The highlight of the recent growth up-tick in the economy has been the sterling performance of the manufacturing sector. The manufacturing sector has consistently improved its growth performance since 2002-03 -- the longest stretch of healthy growth in the past decade.
In 2004-05, the manufacturing sector grew at 8.9 per cent and the momentum has continued into the first five months of this fiscal, when the growth went up to 9.8 per cent. The performance becomes even more laudable when one considers the environment in which industry is operating -- the restrictive labour laws, red tape and, last but not the least, infrastructure constraints.
Another notable feature of the current manufacturing recovery is its resilience in the face of volatility in agricultural performance and a significant oil shock.
The growth in the manufacturing sector has been aided by both domestic and external demand. The impetus to domestic demand has been provided by rising incomes, a growing middle class, lower cost of borrowings, and easy access to retail credit.
What really stands out in the manufacturing recovery is the role of external demand. The adjoining chart plots the growth in manufacturing output and corresponding growth in exports (in $) during the past decade.
During 1994-95 to 1996-97, when the manufacturing sector was growing over 10 per cent a year, the manufacturing exports grew at a slightly higher rate of 14 per cent, supported by a massive devaluation of the rupee.
In the following five years, both output and exports in the manufacturing sector fell sharply. In the recent up-tick in manufacturing from 2002-03 to 2004-05, manufacturing exports grew at over 20 per cent a year, almost thrice the rate of growth of manufacturing production.
Consequently, the export intensity of manufacturing production (measured by the share of manufacturing exports in manufacturing output) increased at 5 per cent a year in comparison to a growth rate of about 1.5 per cent a year in the preceding seven years.
One might note that this push to exports has been possible with no help from the exchange rate. The rupee, in fact, appreciated from 48.4 (Re/ $) to 45 between 2002-03 and 2004-05. This points towards the increasing competitiveness of Indian exports.
The superstars of the current phase of manufacturing recovery are iron and steel, machinery and equipment, including transport, and basic chemicals sectors. More interestingly, we observe that most of the sectors that have witnessed a rise in production have, in fact, witnessed a growth in exports, which has grown at a much higher rate.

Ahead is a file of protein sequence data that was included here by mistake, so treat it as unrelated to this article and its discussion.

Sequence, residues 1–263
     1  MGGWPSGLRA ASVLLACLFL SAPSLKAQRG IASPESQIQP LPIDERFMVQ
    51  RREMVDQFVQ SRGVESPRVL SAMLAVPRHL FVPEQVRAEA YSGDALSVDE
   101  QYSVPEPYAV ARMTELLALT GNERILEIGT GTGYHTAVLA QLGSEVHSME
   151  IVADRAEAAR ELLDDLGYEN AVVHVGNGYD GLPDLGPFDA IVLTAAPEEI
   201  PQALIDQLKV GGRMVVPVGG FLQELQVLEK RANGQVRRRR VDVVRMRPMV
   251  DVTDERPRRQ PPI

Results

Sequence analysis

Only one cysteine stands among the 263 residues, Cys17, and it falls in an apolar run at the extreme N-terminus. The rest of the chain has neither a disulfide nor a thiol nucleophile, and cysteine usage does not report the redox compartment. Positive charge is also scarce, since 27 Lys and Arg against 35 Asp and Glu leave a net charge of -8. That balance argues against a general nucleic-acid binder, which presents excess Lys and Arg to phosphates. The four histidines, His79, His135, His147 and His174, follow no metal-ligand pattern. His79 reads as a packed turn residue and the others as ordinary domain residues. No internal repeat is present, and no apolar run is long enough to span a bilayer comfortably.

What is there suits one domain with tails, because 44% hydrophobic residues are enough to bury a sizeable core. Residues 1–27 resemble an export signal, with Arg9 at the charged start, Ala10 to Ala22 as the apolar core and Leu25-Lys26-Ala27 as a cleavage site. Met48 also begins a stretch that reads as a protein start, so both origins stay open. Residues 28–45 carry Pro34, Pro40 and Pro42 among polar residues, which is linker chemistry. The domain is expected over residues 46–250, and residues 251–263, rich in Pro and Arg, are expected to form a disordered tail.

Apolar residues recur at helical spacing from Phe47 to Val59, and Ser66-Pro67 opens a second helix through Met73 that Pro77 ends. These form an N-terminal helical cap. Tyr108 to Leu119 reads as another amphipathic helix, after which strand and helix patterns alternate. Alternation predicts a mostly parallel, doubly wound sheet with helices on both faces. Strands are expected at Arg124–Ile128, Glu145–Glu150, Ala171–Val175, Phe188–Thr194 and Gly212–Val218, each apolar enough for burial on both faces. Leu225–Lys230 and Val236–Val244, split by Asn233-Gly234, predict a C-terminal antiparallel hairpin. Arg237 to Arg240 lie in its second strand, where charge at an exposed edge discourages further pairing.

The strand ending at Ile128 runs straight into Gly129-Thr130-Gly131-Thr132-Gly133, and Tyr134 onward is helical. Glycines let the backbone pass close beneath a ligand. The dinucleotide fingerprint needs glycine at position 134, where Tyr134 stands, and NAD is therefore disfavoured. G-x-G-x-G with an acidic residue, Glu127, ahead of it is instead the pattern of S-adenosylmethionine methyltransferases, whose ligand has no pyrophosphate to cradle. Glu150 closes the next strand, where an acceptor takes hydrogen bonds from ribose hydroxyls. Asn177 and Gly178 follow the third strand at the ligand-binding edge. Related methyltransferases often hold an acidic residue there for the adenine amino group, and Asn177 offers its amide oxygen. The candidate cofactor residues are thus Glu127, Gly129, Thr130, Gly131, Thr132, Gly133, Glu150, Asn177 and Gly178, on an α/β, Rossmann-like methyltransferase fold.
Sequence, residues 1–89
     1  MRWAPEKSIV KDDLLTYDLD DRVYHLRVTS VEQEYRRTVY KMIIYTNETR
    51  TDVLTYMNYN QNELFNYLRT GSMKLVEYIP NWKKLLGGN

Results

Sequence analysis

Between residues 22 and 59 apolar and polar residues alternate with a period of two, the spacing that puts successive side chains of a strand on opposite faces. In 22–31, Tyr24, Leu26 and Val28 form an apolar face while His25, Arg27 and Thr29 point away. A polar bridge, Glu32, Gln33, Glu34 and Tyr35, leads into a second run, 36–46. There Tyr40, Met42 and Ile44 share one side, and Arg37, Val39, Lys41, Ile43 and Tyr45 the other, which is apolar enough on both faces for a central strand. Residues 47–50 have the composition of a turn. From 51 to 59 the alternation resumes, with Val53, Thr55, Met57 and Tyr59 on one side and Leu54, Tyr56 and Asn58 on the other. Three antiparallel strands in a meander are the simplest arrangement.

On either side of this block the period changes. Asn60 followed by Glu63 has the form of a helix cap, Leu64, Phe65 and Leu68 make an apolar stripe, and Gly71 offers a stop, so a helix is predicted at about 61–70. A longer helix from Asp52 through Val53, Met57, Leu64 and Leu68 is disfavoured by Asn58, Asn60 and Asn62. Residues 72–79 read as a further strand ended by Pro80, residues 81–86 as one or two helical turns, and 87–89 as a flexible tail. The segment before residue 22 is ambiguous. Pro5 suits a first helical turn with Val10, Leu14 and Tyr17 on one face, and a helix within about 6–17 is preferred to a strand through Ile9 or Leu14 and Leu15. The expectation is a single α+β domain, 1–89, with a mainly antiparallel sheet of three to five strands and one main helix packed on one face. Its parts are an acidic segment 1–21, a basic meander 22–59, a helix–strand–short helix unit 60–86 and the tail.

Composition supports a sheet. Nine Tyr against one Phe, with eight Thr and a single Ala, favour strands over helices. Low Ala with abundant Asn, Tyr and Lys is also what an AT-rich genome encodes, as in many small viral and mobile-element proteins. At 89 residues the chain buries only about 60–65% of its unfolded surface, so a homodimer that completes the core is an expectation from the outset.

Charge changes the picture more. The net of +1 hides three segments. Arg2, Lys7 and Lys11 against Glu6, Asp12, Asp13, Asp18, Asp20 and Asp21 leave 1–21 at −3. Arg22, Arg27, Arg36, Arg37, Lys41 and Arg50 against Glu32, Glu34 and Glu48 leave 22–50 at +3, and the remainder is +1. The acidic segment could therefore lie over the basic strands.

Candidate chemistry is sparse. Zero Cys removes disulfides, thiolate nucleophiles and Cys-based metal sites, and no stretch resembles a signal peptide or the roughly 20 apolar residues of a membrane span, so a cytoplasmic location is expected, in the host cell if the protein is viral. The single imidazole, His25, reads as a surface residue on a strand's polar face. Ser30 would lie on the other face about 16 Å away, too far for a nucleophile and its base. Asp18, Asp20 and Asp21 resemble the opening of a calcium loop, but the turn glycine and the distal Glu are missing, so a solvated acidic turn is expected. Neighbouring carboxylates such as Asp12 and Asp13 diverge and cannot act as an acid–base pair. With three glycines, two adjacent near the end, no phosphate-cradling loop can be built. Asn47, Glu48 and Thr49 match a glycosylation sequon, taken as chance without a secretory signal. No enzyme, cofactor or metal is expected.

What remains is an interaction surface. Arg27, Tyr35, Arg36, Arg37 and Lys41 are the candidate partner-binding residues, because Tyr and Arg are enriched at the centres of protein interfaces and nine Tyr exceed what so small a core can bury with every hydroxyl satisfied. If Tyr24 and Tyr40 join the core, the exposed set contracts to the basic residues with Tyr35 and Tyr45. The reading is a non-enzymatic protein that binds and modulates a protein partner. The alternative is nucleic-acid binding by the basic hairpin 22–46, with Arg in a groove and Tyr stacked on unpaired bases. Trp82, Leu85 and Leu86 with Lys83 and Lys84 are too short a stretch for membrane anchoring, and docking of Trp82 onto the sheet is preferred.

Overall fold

During the past three years, the engineering goods, chemicals, and iron and steel witnessed 33 per cent, 25 per cent per and 62 per cent annual growth in exports, respectively.
The Reserve Bank of India (Annual Report, 2004-05) notes that the key drivers of manufacturing growth were exports of engineering goods that were buoyed by technology intensive items such as metal and instruments, transport equipment, electronic goods, and iron and steel due to pick up in external demand, specifically in east Asia, China and non-traditional markets such as Latin America and Africa.
How critical is the sustenance of manufacturing export growth for India? What are the implications of the increasing role of exports in the manufacturing sector? Does this imply the rekindling of the manufacturing activity in India?
There is little doubt that a significant pick up in the Indian manufacturing sector growth is vital for providing a solution to India's unemployment problem. The problem will be further exacerbated by the rising share of working population in India.
A recent study commissioned by ministry of commerce points that exports from the manufacturing sector (particularly in textiles, handicrafts and garments) create far more jobs that the services sector, which has been India's growth engine thus far. The study shows that export-led manufacturing pick-up has a potential to create about 13.6 million jobs in the next five years.
From this point of view, the recent recovery in the manufacturing sector and its increasing export orientation is a healthy development. Further, the increasing role of exports in the recovery of Indian manufacturing has allowed the manufacturing sector some hedge against the slackening of domestic demand, arising particularly out of volatility in agriculture.
Also, as the exports are diversifying to Asian, Latin American and African countries, they have become more resilient to the slowdown in export destinations that was earlier concentrated in the US and OECD nations.
But it must be remembered that we are starting from a relatively-low base of manufacturing, particularly in comparison to China. The manufacturing sector has remained quite subdued in India over the past couple of years. The share of manufacturing in India's GDP has come down from 17.1 per cent to 16.1 per cent between 1990-91 and 2004-05.
This compares quite unfavourably with 35 per cent share of manufacturing in China and higher manufacturing intensity in other fast-growing east Asian economies. In 1965, the share of manufacturing in overall GDP in Korea, Malaysia and Thailand was 18, 9 and 14 per cent, respectively.
By 2002, it had sharply increased to 29, 31 and 34 per cent, respectively. But in India's case, the share of manufacturing in GDP has stagnated in the range of 14-16 per cent in the past 35 years. Also, the export intensity of Indian manufacturing, although rising, is quite low in comparison to its peers.
Therefore, despite the recent strides, Indian manufacturing has a long way to go before its exports truly become an engine of growth.
Dharmakirti Joshi is senior economist and Radhika Anand trainee economist at CRISIL. The views expressed are personal.